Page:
Nov 26, 2013 -- Pensions and Dec 3 legislative session
As we enter a season of Thanksgiving and holiday cheer, it gives me no pleasure to update you on what are expected to be proposed changes in the state’s public pension systems that the Illinois General Assembly may consider when it meets next week.
Although a conference committee and the legislative leaders have played it close to the vest in closed-door meetings on how to address the state’s pension funding crisis, information from reliable sources indicates the package that may emerge in Springfield on Dec. 3 would be onerous for public employees, including those of us at the University of Illinois. The proposals, which have not been publicly issued in the form of a bill lawmakers will be asked to consider, would affect current employees and retirees and would be effective July 1, 2014.
Among the anticipated changes to be considered are these:
C.O.L.A.—The automatic, compounded annual 3 percent increase in retirement annuities would be replaced by an annual increase equal to one-half of the increase in the consumer price index, but shall be no less than 1 percent and shall not be greater than 4 percent (a cap in the event of high inflation). Automatic annual increases received prior to the expected July 1, 2014, the effective date of the legislation, would not be diminished. For employees not yet retired, the C.O.L.A. would be increased biennially for a period of time based on age.
Pensionable earnings limitations—A cap would be placed on pensionable earnings based on the Social Security wage limit, and those currently receiving earnings in excess of that amount would have their pensionable earnings limited to essentially their current salary. In other words, for them future salary increases would not be counted toward pensionable earnings. For employees covered by collective bargaining agreements, the pensionable earnings limit would be applied based on the next collective agreement after the new pension law takes effect.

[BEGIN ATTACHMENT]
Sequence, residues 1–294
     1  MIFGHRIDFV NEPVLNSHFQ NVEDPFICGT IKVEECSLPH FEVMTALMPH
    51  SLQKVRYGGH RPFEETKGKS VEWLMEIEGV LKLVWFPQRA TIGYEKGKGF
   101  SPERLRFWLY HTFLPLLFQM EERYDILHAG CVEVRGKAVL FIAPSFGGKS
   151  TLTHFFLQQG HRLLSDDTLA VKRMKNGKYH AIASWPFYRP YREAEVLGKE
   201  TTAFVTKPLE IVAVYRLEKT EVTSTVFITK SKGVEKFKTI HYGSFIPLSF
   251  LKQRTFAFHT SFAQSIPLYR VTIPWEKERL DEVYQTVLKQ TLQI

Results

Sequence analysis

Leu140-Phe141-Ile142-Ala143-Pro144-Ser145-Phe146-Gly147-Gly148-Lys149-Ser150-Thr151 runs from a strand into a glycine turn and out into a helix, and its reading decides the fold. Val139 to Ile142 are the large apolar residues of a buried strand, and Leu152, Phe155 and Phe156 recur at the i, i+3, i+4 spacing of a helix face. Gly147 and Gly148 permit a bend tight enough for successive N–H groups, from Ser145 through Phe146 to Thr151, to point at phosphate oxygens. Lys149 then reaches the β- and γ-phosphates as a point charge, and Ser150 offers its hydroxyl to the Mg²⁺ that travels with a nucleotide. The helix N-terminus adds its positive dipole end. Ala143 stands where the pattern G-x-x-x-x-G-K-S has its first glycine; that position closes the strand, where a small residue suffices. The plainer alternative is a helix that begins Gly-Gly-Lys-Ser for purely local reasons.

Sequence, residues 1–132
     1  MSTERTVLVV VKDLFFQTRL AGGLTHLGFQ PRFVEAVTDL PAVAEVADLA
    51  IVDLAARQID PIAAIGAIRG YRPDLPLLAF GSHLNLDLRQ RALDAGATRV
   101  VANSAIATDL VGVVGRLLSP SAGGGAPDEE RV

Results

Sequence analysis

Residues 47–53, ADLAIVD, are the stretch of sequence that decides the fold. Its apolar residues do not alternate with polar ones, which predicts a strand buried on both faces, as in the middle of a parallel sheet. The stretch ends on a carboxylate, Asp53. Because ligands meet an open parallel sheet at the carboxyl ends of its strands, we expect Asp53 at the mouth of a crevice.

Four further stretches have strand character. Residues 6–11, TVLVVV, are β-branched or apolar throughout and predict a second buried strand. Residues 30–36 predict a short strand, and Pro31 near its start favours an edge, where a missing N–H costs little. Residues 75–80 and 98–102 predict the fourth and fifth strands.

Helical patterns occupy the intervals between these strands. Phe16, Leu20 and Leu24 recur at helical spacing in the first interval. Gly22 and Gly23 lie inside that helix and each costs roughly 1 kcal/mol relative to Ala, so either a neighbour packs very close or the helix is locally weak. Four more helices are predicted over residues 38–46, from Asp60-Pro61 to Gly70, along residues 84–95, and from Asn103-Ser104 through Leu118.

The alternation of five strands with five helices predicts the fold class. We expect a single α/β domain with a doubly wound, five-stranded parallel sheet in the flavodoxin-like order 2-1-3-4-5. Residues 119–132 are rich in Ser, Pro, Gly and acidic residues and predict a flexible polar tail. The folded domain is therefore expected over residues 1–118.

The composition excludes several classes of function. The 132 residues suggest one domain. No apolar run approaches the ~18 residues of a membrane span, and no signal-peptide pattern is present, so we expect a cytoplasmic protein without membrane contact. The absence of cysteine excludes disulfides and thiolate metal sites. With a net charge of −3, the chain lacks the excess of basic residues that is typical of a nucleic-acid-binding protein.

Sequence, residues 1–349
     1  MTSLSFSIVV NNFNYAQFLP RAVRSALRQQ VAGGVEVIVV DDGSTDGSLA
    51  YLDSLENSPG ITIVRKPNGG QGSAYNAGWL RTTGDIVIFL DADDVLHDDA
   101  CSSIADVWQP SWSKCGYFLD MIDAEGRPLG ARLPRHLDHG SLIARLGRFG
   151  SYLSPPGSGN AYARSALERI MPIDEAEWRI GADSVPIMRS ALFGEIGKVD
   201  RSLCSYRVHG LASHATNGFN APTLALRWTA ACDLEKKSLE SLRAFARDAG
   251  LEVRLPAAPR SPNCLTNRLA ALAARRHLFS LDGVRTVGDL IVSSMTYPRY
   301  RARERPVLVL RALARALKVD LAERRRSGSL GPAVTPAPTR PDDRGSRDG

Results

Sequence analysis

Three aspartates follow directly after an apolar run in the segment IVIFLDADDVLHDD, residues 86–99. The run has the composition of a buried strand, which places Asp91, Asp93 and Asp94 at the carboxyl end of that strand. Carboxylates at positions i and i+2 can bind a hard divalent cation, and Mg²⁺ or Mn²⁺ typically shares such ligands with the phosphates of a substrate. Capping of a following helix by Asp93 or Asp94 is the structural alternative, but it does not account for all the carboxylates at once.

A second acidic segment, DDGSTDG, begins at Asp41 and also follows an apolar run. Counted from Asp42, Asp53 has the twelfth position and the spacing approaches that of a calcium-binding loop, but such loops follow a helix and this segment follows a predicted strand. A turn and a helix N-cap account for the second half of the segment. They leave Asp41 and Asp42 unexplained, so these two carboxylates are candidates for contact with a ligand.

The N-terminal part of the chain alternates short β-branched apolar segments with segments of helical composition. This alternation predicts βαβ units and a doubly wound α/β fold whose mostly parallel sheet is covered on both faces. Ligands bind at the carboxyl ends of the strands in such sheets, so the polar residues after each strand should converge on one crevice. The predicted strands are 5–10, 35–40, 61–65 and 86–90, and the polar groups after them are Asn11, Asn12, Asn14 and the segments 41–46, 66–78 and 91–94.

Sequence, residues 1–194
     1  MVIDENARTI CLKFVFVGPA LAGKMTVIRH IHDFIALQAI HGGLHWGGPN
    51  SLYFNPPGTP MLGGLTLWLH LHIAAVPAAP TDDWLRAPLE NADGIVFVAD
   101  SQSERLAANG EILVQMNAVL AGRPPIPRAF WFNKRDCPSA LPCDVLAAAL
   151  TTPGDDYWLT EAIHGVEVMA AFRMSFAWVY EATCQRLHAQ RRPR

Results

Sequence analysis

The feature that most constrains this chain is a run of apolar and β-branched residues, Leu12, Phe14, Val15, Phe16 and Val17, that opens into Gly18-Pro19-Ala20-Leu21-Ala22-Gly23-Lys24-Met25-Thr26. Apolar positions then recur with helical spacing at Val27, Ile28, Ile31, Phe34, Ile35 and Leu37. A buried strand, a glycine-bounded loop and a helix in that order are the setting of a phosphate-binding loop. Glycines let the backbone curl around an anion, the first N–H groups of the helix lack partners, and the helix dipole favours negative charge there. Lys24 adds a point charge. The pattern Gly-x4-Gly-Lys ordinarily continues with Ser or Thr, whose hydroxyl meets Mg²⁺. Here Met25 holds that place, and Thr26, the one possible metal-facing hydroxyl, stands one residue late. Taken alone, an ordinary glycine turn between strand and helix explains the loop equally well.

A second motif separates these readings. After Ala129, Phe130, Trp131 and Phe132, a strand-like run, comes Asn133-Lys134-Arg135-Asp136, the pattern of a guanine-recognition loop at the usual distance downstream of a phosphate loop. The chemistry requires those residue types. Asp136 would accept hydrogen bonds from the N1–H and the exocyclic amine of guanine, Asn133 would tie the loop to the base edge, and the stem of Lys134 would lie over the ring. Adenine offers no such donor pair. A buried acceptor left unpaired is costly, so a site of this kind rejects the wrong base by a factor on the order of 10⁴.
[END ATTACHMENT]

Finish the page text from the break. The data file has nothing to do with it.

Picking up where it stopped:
Other provisions expected to emerge next week include: a reduction in employee contributions for Tier I participants by 1 percent of earnings; a reduction of the “effective rate of interest,” used for money purchase calculations; and a stronger legal requirements that the state adhere to a funding schedule to eliminate the unfunded pension liability within 30 years.
For the nearly three years now that the pension funding crisis has held center stage in Springfield, a team of University of Illinois advocates, including me, and our counterparts at other Illinois public universities have worked with lawmakers to consider a range of options for solving the pension funding crisis and mitigating its impact on our employees, who are victims and not the cause of the funding shortfall. We will continue to do so in the coming week, and then we will analyze the impact of whatever emerges. I know that many of our employees and retirees have been in touch with legislators, too, and will continue to make themselves heard—on their own time—in the coming weeks.
We will keep you updated in as timely a manner as we can, and following media reports is a good way to stay abreast of developments. I thank you for your dedicated service to the University of Illinois.
Robert A. Easter